Kids + 10 Minutes = Chores

Dochores you know how long it REALLY takes me to wash a sink full of dishes?  About 10 minutes. It’s one of those chores that I don’t like to do and I put it off. But it has to be done, so I put it off until bedtime. It doesn’t take that long, but I still procrastinate. Just imagine how much could be done if everyone in my family did household chores for 10 minutes each evening. With 4 of us in my family, that would be a total of 40 minutes of housework done each evening.

Wow! I wouldn’t feel so frustrated and out of control with how the house looks.  Why didn’t I think of this before now? 10 minutes! No one can complain about 10 minutes of dishes, folding clothes, sweeping, vacuuming, wiping off counters, picking up toys, taking out trash, cleaning mirrors, etc…  Let’s start a timer, turn on some music and see how much we can get done.

Here are some great ways to encourage them and add some variety to their 10 minutes.

Chore Jars – Decide on seven 10 minute chores that each child needs to do each week. Give each kid a jar with his name on it. He will draw a new chore to complete each evening. After he finishes, he will put a quarter in a “night out” jar. At the end of the month, the family can use the “night out” jar money to do something together. Try to come up with some fun things that you don’t normally do like: go to the ice cream shop, pizza night, popcorn and movie, toy store… Here are some ideas for the jars: Chore jars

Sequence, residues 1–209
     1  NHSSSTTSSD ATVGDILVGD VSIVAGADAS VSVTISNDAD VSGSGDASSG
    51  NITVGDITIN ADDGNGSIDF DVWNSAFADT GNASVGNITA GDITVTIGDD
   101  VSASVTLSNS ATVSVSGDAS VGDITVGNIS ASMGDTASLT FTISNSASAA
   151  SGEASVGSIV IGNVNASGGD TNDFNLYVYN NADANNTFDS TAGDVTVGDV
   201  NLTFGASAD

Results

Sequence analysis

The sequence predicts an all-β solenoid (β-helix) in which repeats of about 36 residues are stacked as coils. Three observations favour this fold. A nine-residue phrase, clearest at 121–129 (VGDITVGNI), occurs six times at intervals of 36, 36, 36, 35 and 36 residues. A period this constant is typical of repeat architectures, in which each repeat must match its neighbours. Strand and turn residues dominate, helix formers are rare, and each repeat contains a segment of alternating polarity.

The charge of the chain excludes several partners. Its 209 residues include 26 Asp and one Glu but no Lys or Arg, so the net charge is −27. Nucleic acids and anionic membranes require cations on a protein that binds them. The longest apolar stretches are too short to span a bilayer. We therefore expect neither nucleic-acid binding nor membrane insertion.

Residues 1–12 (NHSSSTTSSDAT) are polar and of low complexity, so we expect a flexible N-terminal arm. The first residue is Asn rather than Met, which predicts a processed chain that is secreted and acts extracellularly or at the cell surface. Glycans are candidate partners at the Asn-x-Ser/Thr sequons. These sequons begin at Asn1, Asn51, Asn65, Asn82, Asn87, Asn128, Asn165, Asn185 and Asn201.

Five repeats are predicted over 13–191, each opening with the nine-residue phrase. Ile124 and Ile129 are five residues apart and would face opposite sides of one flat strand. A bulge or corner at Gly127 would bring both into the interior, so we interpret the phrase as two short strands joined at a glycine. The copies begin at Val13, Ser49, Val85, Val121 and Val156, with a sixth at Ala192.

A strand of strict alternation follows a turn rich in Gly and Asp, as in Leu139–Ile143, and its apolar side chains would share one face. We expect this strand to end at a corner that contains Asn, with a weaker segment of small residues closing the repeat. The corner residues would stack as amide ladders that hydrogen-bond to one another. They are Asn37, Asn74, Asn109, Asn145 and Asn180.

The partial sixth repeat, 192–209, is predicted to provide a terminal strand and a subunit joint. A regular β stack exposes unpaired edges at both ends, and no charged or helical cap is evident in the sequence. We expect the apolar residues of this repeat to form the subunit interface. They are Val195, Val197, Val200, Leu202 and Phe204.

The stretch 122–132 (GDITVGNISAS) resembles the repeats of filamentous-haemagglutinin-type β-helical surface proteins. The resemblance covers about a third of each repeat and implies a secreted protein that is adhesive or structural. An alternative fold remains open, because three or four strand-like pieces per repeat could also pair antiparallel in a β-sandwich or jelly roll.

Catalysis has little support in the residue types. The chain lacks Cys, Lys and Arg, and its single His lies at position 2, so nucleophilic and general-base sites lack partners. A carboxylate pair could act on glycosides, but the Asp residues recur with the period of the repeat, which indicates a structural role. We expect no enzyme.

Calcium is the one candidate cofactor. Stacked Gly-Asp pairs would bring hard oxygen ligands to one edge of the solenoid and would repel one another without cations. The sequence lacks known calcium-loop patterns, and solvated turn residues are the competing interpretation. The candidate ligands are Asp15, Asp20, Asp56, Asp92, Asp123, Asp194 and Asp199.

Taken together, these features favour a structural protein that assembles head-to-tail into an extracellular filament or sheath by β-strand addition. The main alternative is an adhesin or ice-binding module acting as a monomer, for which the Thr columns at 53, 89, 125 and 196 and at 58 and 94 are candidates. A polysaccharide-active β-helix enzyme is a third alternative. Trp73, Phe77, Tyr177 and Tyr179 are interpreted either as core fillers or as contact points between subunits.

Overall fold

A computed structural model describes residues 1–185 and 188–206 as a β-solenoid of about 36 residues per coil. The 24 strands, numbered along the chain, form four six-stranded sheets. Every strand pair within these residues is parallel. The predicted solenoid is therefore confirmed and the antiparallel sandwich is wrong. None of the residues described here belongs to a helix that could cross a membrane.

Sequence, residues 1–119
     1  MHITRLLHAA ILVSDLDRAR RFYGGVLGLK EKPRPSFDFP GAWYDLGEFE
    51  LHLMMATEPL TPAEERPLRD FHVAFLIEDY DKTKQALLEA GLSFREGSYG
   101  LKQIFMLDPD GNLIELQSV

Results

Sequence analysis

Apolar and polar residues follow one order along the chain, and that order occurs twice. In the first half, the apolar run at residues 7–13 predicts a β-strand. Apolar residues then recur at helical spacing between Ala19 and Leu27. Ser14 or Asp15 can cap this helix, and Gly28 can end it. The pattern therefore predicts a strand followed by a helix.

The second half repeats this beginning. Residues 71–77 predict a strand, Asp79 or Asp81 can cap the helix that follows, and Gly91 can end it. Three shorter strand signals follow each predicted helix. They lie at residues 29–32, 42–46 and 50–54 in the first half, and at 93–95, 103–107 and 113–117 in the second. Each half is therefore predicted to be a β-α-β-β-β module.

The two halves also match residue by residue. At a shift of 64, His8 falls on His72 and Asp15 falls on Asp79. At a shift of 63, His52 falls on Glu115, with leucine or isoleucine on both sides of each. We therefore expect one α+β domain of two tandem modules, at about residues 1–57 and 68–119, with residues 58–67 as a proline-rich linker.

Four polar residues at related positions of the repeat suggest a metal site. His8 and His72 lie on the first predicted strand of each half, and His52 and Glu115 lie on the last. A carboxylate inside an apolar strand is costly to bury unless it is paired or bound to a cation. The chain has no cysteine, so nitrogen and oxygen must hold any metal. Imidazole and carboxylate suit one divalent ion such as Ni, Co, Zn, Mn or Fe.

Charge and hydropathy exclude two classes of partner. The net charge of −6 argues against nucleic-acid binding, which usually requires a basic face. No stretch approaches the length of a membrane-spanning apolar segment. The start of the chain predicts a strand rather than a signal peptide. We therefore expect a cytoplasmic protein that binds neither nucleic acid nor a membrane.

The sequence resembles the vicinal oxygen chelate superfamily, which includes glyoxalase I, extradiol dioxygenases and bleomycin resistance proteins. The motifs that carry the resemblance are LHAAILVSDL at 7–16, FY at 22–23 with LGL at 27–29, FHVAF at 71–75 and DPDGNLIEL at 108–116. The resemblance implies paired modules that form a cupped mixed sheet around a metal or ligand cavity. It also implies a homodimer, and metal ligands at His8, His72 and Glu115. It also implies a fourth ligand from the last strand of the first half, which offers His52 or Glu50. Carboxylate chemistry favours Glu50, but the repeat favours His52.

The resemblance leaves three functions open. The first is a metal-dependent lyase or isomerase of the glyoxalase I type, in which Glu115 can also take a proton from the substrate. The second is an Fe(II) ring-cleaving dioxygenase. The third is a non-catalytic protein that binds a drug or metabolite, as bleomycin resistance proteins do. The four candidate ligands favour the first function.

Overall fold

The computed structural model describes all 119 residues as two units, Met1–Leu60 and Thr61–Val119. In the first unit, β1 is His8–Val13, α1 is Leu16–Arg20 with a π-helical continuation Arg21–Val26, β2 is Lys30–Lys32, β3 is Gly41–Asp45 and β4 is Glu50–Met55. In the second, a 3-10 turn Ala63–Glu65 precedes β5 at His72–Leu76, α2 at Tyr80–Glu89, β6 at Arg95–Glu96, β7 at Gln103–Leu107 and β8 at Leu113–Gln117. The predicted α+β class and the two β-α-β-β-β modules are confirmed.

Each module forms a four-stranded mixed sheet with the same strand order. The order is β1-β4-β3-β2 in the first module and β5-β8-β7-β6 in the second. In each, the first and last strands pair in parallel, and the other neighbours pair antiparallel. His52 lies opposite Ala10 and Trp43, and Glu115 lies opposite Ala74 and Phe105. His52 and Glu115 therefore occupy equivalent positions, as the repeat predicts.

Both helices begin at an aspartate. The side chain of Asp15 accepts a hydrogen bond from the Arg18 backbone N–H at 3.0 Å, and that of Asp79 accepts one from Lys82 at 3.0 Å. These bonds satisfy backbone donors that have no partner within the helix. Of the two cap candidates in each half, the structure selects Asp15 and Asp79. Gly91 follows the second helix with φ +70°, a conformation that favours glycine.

Family Focus – Everyone can work on one room each evening. Divide the house into 7 different areas: kitchen, bathrooms, living room, laundry room, porch, yard, garage, den, play room…. Then you set the timer for 10 minutes and everyone focuses on that one area together. After you finish the 10 minutes, then do something fun together (play a card game, go for a walk, play ball, ride bikes, etc…)

Dinner/Chores/Dessert – Create basket/tubs with cleaning supplies for each family member. After eating dinner, set a timer, grab a cleaning tub and work on a specific area for 10 minutes. As they return their tubs, they get to pick a dessert. Here’s an example of the tubs: Chore Tubs

It will be helpful to actually time some basic chores to see how long they take.  Sweeping or vacuuming the floor doesn’t take as long as we think it does. 

If you have younger kids, you may need to do the chores together, but remember that you are training them for later. Older kids can do most housework on their own. We just need to give them the incentive.

These 10 minutes need to be household chores that are basic to being a part of the family. They don’t need to be tied to an allowance or extra money, but you might want to tie them to some kind of family incentives.


How can you use 10 minutes a day?

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